News : NHS 24 Admits ‘Systematic Failure’ of IT Project
London, UK, Jan 20, 2016 -- NHS 24’s bosses have admitted the project to replace its IT system was dogged by an inadequate business case, bad project management and spiralling costs, which are likely to rise still further.
Ahead of giving evidence in the 20 January session of the Scottish Public Audit Committee, NHS 24 submitted a document on the project, in which the health board "apologises unreservedly for its failure" to deliver the programme.
As part of its Future Programme, which aimed to improve patient service, supported by modernised phone and online technology, NHS 24 went live with a new IT system from Capgemini in early November last year, two years behind schedule.
But after the system crashed on go-live and experiencing several performance issues, NHS 24 decided to shut it down after 10 days and revert to the old system "on the grounds of patient safety".
The implementation of the system had already been heavily critisised in an Audit Scotland report, published in October, which found that poor procurement management, lack of skills and "over-reliance on the supplier" had inflated project costs by 55%, and racked up a total bill of £117.4m.
NHS 24 has now set a new go-live date of summer 2016, by which time the system will be three years behind schedule, so costs could increase even further.
"Current planning assumptions are that costs could increase by as much as £7.6m. The main reason for the increase relates to additional double running costs and the costs associated with preparing for the relaunch in 2016," the NHS 24 document said.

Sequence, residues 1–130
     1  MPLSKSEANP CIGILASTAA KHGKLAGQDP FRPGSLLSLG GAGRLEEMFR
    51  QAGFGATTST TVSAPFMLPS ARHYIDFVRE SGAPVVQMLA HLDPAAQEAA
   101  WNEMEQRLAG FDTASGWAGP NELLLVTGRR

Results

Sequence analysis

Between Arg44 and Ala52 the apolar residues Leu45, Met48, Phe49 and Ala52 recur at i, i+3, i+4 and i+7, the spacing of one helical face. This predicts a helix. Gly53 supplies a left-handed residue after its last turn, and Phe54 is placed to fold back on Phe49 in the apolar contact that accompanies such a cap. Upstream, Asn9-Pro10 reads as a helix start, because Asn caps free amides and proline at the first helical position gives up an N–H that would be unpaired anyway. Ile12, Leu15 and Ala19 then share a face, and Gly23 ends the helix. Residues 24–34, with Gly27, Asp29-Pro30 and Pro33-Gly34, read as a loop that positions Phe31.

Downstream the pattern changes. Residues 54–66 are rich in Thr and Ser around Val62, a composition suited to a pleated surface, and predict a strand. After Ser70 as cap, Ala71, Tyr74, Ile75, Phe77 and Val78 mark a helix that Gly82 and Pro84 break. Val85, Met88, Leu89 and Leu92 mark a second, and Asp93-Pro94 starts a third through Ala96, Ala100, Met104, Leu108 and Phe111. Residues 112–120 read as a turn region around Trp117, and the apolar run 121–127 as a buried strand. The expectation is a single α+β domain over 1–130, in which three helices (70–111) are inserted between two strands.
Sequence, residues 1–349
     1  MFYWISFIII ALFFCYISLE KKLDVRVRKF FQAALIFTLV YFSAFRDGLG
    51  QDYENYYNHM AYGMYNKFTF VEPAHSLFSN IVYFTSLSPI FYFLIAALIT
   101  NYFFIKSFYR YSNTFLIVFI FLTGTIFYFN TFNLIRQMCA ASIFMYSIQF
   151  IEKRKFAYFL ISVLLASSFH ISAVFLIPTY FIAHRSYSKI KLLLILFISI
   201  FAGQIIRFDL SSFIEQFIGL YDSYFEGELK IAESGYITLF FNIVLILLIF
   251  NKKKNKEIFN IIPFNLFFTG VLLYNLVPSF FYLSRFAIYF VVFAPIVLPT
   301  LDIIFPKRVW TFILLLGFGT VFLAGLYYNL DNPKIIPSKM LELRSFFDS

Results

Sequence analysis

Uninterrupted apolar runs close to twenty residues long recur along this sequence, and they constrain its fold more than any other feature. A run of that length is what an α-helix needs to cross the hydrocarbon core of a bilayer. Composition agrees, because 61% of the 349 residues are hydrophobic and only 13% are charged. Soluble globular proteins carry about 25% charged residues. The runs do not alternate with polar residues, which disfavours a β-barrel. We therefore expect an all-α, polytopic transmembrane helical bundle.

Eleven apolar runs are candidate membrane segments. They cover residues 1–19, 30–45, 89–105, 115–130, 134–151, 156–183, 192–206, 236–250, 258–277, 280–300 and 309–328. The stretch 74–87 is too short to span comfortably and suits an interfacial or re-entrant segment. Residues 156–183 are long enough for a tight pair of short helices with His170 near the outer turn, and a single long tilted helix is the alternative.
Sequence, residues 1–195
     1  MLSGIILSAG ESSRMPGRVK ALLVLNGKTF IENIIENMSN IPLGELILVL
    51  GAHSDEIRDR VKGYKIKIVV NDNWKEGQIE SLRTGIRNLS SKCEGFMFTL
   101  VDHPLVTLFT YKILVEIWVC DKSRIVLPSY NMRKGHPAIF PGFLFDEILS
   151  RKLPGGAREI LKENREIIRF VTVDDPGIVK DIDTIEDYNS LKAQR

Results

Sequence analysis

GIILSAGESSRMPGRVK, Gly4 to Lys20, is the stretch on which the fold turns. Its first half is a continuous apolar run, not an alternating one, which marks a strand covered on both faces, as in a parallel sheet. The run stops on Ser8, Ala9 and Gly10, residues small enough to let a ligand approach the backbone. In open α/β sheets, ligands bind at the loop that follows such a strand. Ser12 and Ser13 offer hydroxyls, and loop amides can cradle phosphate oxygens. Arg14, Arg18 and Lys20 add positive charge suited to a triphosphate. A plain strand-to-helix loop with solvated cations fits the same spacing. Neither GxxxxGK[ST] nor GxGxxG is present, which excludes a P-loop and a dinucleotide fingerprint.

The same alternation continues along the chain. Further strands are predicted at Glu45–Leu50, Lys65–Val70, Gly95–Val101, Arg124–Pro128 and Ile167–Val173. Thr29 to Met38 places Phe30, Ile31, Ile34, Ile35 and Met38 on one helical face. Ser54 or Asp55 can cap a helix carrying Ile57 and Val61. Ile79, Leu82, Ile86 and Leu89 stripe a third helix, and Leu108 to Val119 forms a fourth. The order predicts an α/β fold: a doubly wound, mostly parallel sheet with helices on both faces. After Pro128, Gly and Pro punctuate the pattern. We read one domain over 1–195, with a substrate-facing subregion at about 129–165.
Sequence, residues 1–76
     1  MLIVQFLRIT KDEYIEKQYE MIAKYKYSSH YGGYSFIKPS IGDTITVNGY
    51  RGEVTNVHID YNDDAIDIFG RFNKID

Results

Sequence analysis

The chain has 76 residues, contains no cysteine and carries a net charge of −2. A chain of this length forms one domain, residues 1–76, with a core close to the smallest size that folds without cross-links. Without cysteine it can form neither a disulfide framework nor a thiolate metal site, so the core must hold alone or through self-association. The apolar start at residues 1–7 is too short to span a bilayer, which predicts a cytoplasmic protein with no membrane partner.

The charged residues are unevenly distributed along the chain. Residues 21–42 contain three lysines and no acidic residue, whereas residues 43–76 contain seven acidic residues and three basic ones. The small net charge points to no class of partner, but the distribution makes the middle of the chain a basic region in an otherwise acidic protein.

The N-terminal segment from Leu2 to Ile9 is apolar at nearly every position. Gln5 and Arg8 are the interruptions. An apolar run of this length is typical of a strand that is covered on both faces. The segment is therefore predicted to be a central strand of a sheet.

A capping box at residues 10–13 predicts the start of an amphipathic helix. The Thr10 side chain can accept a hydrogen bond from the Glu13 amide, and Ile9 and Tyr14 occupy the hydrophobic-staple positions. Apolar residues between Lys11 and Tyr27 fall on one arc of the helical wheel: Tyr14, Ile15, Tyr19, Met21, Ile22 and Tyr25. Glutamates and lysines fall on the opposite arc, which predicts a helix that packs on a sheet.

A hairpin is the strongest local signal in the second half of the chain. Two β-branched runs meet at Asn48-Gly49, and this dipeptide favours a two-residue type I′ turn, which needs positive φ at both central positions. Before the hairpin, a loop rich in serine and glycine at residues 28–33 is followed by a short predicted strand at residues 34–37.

Capgemini delivered the applications for the new IT system, while BT supplied the hardware and infrastructure. Since its inception, the project has been troubled. Originally due to go live in June 2013, the implementation was pushed back to October of that year before being put on hold indefinitely as it failed to "meet critical patient safety performance measures.
This led to a dispute between Capgemini and NHS 24 that nearly terminated the deal and made it obvious there were flaws in the contract.
NHS 24 admitted that the "original business case was inadequate, the programme governance ineffective, commercial management weak, too much reliance was put on suppliers' promises, and the organisation had insufficient understanding of call centre system implementation to successfully launch".
It said the organisation understood it had underestimated the risk of "developing an ambitious next-generation IT system, but also put some blame on its supplier.
"The failure of Capgemini to meet its commitment to supply a working solution in 2013 manifested these weaknesses," the document said.
"Not only have the different programme boards and committees failed to identify and manage the risks; the various audits and reviews have also proved ineffective in recovering the programme."
Posted by Veronica Silva Cusi, news correspondent
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NHS 24 is the name of a confidential health advice and information service provided by NHS Scotland. It is the equivalent to the NHS Direct scheme in England and NHS Direct Wales, allowing people who feel unwell or those caring for them to obtain advice if it is not convenient or possible to wait until they can visit their General Practitioner when the practice is next open. It is not intended as a substitute for obtaining an emergency ambulance service via 999.
Published: Thursday, January 21, 2016